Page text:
Xoma Corp.'s board of directors has unanimously adopted astockholder rights plan, the company announced onWednesday. Under the plan, preferred stock purchase rightswill be distributed as a dividend to all stockholders at the rateof one right for each share of Xoma stock of record held at theclose of business on Nov. 12.

Xoma (NASDAQ:XOMA) said that once exercisable, each rightwill entitle the holder to purchase units of a new series ofXoma's preferred stock (or, in certain circumstances, commonstock of the acquiring person) with a value of $60 for anexercise price of $30. The company said the rights will beexercisable and will detach from the common stock only if aperson or group acquires 20 percent or more of Xoma commonstock, announces a tender or exchange offer that, ifconsummated, will result in a person or group beneficiallyowning 20 percent or more of the common stock; or if theboard of directors declares a person or group owning 10percent or more of the outstanding common stock to be anadverse person.

The company will be entitled to redeem the rights at $0.001per right until the close of business on the tenth day after therights become exercisable. The rights will expire at the close ofbusiness on Dec. 31, 2002.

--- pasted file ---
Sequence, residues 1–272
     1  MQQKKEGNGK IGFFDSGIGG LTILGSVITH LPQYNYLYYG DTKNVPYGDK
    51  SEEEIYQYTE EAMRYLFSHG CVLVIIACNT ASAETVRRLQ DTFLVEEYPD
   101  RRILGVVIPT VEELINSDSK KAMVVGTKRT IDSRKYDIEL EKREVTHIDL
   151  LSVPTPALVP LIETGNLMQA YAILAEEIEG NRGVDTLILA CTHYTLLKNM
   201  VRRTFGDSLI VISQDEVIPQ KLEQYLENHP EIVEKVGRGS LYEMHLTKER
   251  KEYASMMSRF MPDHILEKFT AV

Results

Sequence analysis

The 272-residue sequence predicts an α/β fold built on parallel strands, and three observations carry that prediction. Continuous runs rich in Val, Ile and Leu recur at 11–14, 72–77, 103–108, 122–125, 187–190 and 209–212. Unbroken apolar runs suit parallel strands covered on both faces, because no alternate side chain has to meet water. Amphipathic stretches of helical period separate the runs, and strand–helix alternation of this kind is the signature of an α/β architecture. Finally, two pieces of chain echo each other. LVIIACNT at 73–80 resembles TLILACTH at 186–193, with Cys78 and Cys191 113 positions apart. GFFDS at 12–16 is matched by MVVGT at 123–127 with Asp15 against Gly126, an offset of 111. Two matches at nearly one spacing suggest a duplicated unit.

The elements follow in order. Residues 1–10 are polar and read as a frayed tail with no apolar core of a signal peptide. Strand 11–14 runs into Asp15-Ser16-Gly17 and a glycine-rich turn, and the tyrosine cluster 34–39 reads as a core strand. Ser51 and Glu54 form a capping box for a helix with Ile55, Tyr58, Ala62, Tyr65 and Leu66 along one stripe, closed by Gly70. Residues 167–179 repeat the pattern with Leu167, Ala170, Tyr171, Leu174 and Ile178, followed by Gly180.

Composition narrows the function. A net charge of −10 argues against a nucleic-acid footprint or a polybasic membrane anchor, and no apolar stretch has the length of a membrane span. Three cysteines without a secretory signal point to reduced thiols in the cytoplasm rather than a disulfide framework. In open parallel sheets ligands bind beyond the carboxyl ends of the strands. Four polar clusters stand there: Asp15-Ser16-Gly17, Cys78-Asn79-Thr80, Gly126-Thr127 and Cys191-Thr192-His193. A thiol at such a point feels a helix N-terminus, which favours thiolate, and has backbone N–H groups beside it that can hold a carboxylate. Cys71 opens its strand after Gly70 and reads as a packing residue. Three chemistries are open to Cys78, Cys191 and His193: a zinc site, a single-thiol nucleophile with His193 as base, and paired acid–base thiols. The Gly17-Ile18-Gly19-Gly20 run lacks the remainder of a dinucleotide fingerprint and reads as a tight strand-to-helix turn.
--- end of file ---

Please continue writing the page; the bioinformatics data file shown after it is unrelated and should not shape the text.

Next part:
Xoma of Berkeley, Calif., commented that the rights plan givesthe board more flexibility to maximize long-term stockholdervalue and is a way to protect stockholders from stockaccumulators or hostile acquirers. Xoma added that the plan isnot being adopted "in response to any specific effort to acquirecontrol of the company and the board is not aware of any sucheffort." Xoma director of corporate communications CarolDeGuzman said there have been no material stock ownershipchanges.

Casey McGlynn of the law firm Wilson Sonsini Goodrich &Rosati of Palo Alto, Calif., told BioWorld that shareholder rightsplans are not a trend in the industry but are not uncommon,either. He said that over the past five years a number of publiccompanies in life sciences and electronics have put such plansin place in order to get higher prices for shareholders; theyhave the power to reject unfriendly suitors. He noted that theplans were born out of hostile takeovers involving junk bondsin the 1980s.

Xoma's board also adopted bylaw amendments that eliminatethe ability of stockholders to call special meetings and requirethem to provide advance notice before submitting proposals. -- Brenda Sandburg

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